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Stand Up! with Pete Dominick

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Apr 30, 2024

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Austin is an expert on agricultural and antitrust policy. During the 2020 presidential campaign, he advised candidates Elizabeth Warren, Bernie Sanders, and Pete Buttigieg on agricultural policy before ultimately serving as Co-Chair of the Biden campaign’s Agriculture Antitrust Policy Committee. He is a Fellow of the Thurman Arnold Project at Yale University, an initiative that brings together faculty, students, and scholars to collaborate on research related to competition policy and antitrust enforcement. He also serves on the Board of Directors for Common Good Iowa and the Socially Responsible Agriculture Project. In 2022, The Advocate named him a "Champion of Pride.”

He recently published his debut book, Barons: Money, Power, and the Corruption of America’s Food Industry, which profiles a series of powerful magnates to illustrate the concentration of power in the American food system. The book has received universal acclaim. Publishers Weekly gave it a Starred Review and the host of Bloomberg's Odd Lots commended the book, remarking that “I have come away with a completely different idea of agriculture that I cannot unsee." The book has received praise from across the political spectrum, including a rave review from The American Conservative.

Austin also has a strong track record of organizing conferences and other forums to push the conversation forward on agriculture policy. He recently worked with the U.S. Department of Agriculture to organize a conference and publish a compendium at Yale Law School entitled “Reforming America’s Food Retail Markets,” which explored competition issues in the nation’s food retail industry. He previously spearheaded other conferences at the Yale Law School, including “Big Ag & Antitrust: Competition Policy for a Sustainable and Humane Food System.” He also created & organized the "Heartland Forum" in Storm Lake, Iowa, the first candidate forum during the 2020 Democratic presidential primary process, which focused on the impacts of economic concentration in rural America.

Austin is a 7th generation Iowan. His mother Kathy managed a beauty salon in his hometown of Cedar Rapids before opening her own bakery. His father Scott delivered and merchandised beer for a local, family-owned beer distributor. Austin’s passion for agriculture comes from spending weekends working with his Grandpa Frerick.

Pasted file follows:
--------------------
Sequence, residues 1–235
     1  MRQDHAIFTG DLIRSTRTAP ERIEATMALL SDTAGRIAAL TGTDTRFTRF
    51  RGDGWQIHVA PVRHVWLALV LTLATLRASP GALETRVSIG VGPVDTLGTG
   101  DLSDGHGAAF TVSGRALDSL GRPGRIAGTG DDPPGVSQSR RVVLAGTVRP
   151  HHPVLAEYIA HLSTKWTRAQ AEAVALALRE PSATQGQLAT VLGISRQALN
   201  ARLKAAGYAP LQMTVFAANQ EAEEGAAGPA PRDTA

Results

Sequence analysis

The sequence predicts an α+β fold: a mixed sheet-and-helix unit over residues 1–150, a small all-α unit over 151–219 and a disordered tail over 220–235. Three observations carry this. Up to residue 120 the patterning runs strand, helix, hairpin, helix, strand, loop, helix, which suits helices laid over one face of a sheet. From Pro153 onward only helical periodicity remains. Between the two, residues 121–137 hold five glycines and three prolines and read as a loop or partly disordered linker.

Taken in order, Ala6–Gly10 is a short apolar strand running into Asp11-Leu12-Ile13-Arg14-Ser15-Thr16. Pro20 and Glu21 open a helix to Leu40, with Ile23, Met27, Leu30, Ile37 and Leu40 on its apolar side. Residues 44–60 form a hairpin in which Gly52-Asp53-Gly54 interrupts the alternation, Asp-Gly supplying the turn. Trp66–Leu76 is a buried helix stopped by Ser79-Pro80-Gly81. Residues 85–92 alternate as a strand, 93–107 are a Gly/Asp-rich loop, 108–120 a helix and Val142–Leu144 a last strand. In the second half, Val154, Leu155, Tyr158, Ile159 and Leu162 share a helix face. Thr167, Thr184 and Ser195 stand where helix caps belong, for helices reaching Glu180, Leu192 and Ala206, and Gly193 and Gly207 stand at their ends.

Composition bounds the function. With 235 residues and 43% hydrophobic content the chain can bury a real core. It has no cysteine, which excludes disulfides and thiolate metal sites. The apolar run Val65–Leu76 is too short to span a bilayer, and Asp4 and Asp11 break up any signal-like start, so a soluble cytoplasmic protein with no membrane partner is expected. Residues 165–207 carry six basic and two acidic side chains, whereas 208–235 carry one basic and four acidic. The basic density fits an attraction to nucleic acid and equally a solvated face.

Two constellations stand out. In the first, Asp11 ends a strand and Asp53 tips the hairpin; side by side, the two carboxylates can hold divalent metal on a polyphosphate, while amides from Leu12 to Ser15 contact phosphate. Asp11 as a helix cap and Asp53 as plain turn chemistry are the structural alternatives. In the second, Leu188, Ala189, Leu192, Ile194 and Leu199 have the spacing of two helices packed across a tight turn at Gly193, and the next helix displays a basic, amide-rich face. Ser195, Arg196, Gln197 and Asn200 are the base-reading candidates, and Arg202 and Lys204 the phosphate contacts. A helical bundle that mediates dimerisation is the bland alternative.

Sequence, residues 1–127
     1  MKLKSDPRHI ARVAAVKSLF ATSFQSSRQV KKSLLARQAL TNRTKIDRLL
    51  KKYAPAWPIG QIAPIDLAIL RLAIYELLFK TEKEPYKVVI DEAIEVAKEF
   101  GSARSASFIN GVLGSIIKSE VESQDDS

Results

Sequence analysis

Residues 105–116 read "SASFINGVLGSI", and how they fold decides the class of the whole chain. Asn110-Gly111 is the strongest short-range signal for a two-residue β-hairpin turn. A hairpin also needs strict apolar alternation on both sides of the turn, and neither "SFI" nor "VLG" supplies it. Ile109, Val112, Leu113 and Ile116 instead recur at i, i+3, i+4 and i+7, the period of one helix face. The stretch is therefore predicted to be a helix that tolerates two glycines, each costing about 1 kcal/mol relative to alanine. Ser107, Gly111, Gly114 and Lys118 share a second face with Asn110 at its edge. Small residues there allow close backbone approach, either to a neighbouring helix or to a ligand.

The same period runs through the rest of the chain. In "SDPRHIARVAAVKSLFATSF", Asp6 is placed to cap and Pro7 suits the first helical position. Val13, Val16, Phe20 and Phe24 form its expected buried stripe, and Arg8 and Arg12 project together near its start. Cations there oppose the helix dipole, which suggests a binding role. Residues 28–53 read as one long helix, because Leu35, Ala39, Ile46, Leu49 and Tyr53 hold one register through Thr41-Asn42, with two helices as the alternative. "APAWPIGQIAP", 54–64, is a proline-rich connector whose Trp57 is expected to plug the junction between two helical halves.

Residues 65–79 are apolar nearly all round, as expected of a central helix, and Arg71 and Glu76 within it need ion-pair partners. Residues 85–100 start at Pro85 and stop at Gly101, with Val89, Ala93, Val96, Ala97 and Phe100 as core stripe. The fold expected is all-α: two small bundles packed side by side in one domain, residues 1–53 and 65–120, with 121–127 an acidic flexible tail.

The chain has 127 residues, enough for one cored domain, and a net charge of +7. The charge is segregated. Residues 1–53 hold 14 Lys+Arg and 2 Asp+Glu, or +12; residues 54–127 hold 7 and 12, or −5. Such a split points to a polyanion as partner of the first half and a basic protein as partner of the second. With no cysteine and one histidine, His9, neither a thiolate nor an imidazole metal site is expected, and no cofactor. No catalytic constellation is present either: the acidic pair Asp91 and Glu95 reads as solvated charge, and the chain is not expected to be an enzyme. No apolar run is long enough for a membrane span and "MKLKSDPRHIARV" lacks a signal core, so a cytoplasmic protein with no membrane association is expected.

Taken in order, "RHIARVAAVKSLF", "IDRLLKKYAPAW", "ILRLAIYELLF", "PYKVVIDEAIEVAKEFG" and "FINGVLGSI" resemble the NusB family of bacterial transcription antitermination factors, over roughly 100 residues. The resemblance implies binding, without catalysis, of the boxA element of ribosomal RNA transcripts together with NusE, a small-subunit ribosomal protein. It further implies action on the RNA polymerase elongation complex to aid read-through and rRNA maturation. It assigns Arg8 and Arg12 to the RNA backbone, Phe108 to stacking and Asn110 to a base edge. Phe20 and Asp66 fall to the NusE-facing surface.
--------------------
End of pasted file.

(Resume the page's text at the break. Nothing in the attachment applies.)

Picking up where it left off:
He has held a job since the age of 12, when he started working at the Cedar Rapids Gazette as a paperboy. He attended Grinnell College on merit scholarships and Pell Grants. While in college, Austin wrote two theses on corporate power in Iowa’s slaughterhouse communities. After being the first in his family to graduate from college, Austin attended the University of Wisconsin-Madison for graduate school on a full academic scholarship. He has since held positions at the Congressional Research Service and at the U.S. Department of Treasury, Office of Tax Analysis, where he published research on executive compensation, pharmaceutical corporate charity abuses, and the growth of concentration in the American economy.

“In this eye-opening debut study, Frerick, an agricultural policy fellow at Yale University, reveals the ill-gained stranglehold that a handful of companies have on America’s food economy…It’s a disquieting critique of private monopolization of public necessities.” --Publishers Weekly, starred

Barons is the story of seven corporate titans, their rise to power, and the consequences for everyone else. Take Mike McCloskey, Chairman of Fair Oaks Farms. In a few short decades, he went from managing a modest dairy herd to running the Disneyland of agriculture, where school children ride trams through mechanized warehouses filled with tens of thousands of cows that never see the light of day. What was the key to his success? Hard work and exceptional business savvy? Maybe. But more than anything else, Mike benefitted from deregulation of the American food industry, a phenomenon that has consolidated wealth in the hands of select tycoons, and along the way, hollowed out the nation’s rural towns and local businesses.

Along with Mike McCloskey, readers will meet a secretive German family that took over the global coffee industry in less than a decade, relying on wealth traced back to the Nazis to gobble up countless independent roasters. They will discover how a small grain business transformed itself into an empire bigger than Koch Industries, with ample help from taxpayer dollars. And they will learn that in the food business, crime really does pay—especially when you can bribe and then double-cross the president of Brazil.

These, and the other stories in this book, are simply examples of the monopolies and ubiquitous corruption that today define American food. The tycoons profiled in these pages are hardly unique: many other companies have manipulated our lax laws and failed policies for their own benefit, to the detriment of our neighborhoods, livelihoods, and our democracy itself. Barons paints a stark portrait of the consequences of corporate consolidation, but it also shows we can choose a different path. A fair, healthy, and prosperous food industry is possible—if we take back power from the barons who have robbed us of it.


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